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Panasonic VS3 and VS7 (and SA6, SA7, MX6 and MX7)

Discontinued
15th February 2005

 Panasonic VS3 closed The Panasonic VS3 (pictured right) is a slim handset at just 18mm thick and a large 2.2" QVGA (240x320) pixel display capable of up to 16 million colours, which would make it the best screen on the market, even better than the offerings from Sharp. There's a 1.3 megapixel digital camera on the outside capable of taking video clips.

Other than the screen, camera and impressive slimness of the device, there's not much going on. This is a tri-band GSM phone with GPRS. It supports MP3 ringtones, but it doesn't appear to have a standalone MP3 player, and there's no removable memory. There's no Bluetooth either. Although the Panasonic VS3 has a WAP 2.0 browser, it doesn't seem to have an email client. There's one push auto-open and exchangeable covers though, if those sort of things are important to you.

Although the 16 million colour screen sounds impressive, it really only represents a shift from 6 bits per pixel on 262,000 colour displays to 8 bits per pixel. It is unlikely that most users will notice any discernable difference. And by the time the VS3 hits the market 1.3 megapixel cameras will be pretty standard. Panasonic have slated the launch date as Q3 2005, although we wouldn't be suprised if the actual launch date slipped badly.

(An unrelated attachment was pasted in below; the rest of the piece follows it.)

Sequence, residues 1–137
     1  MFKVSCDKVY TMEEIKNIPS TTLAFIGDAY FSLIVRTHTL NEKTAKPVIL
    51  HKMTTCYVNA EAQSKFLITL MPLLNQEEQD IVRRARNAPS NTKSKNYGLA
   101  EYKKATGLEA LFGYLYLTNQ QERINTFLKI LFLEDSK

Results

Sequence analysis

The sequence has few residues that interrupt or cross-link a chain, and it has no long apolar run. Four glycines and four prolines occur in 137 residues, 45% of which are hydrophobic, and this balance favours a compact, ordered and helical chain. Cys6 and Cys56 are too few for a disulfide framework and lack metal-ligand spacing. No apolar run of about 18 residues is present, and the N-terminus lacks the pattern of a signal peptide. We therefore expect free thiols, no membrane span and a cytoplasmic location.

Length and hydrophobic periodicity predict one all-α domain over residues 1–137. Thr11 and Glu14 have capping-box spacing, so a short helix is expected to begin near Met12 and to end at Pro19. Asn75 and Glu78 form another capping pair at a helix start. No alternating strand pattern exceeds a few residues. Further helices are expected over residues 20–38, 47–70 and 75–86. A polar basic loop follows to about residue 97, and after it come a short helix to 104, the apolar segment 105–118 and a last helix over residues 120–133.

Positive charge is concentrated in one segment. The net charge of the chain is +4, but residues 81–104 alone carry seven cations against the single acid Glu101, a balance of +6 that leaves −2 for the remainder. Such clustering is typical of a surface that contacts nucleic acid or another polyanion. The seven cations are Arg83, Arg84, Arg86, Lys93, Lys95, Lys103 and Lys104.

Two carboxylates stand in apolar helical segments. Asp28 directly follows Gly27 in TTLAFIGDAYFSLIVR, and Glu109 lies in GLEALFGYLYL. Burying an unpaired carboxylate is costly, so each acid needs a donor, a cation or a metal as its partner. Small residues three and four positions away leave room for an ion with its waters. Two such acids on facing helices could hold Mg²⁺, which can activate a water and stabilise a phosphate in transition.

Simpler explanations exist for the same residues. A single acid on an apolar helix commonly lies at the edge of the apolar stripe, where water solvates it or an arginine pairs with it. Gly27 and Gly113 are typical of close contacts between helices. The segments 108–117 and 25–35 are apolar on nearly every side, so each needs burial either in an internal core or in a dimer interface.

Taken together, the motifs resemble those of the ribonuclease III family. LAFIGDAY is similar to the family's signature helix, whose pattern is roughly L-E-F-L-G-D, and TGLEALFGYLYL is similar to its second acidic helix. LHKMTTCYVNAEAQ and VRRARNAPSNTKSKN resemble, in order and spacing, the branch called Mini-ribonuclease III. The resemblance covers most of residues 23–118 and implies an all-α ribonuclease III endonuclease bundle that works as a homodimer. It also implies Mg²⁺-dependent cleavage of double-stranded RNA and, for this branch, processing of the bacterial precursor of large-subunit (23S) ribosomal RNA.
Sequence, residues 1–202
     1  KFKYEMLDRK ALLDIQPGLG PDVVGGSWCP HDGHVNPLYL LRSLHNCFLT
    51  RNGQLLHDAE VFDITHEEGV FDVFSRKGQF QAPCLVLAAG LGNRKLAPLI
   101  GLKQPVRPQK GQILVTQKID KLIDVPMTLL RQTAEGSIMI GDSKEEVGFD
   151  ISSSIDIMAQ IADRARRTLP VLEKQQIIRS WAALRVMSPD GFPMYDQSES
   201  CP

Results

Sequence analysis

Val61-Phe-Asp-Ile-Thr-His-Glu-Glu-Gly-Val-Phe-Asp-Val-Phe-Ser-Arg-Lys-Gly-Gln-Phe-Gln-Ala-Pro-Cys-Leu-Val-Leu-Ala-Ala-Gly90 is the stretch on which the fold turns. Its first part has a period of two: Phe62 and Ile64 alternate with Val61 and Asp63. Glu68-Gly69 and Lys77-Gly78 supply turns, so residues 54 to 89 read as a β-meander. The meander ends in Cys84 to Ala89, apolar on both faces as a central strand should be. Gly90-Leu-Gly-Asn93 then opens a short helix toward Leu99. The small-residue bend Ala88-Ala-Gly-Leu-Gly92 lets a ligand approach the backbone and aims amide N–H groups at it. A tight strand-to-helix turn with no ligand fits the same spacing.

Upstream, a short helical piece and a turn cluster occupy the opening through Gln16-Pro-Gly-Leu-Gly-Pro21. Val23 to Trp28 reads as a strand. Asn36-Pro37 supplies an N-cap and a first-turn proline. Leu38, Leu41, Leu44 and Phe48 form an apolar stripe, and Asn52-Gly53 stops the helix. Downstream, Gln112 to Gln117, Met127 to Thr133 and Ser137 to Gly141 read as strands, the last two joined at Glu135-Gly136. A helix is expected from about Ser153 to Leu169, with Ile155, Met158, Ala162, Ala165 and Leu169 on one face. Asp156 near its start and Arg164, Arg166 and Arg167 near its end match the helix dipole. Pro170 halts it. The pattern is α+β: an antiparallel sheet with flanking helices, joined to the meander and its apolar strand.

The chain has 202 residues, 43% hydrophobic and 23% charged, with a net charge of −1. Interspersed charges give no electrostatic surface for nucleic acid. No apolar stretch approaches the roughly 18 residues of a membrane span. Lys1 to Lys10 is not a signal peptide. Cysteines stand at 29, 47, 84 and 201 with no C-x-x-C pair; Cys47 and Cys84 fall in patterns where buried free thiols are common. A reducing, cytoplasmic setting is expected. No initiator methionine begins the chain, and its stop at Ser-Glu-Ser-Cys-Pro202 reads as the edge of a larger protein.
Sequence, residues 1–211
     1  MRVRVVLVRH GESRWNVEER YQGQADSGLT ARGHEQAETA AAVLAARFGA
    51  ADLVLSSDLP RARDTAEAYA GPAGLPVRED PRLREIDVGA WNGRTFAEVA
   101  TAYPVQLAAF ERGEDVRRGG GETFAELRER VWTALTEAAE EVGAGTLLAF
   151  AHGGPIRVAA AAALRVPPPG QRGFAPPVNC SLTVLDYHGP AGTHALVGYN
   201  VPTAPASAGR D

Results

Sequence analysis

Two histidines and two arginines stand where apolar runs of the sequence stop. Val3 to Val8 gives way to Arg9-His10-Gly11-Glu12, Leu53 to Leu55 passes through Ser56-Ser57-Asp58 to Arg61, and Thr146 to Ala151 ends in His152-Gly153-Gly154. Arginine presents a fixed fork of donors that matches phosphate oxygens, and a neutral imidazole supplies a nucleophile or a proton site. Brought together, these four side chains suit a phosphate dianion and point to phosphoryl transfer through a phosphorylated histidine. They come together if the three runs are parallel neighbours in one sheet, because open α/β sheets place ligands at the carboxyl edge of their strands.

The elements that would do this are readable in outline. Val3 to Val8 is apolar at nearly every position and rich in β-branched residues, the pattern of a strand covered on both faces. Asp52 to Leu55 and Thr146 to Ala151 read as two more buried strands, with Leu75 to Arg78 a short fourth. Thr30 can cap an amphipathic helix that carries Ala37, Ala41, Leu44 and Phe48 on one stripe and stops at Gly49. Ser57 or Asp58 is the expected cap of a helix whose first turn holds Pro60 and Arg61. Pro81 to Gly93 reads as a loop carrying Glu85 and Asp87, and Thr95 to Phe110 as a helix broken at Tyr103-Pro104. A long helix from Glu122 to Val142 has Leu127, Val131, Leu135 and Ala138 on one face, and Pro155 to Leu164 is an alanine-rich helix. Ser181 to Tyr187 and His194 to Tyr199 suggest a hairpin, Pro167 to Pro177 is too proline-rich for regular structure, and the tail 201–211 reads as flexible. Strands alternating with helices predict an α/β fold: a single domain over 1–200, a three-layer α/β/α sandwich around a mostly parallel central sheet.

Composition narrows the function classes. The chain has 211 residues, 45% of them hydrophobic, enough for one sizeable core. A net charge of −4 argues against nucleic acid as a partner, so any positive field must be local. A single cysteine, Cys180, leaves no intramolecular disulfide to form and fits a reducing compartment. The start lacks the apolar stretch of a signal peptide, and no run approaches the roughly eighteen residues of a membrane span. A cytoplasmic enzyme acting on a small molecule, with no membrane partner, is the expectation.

Panasonic VS7 There's a variant of the VS3 with a longer battery life called the MX6, and also a toughened version for outdoors use called the SA6. From the details we have at the moment, it might well be that the MX6 has 10 hours talktime and 20 days standby by including a double-capacity battery.

The Panasonic VS7 (pictured left) takes the same design concepts as the VS3 and adds a slightly bigger screen (2.5 inches), additional external display and a 2 megapixel digital camera, housed in a slightly thicker case at 19mm.

Again, from what we can tell, the VS7 lacks the same features that the VS3 lacks, meaning that beyond the screen, camera and size there's not a lot going for this phone. As with its sibling, there's a ruggedised version of the VS7 called the SA7, and one with a high-capacity battery named the SA8.

We're not keen at all on the two VS-series of phones, because they don't seem to deliver much beyond their headline features. The two variants look much more useful though, as ruggedised phones are still few and far between and the inclusion of a high-resolution camera with video recording capabilities could be a novel and useful feature. Supplying the handsets with double-sized batteries is also a clever but simple idea that should appeal to many.

Although this looks like six phones, really they are all pretty much the same. Whether or not they can turn around Panasonic's fortunes remains to be seen.

 

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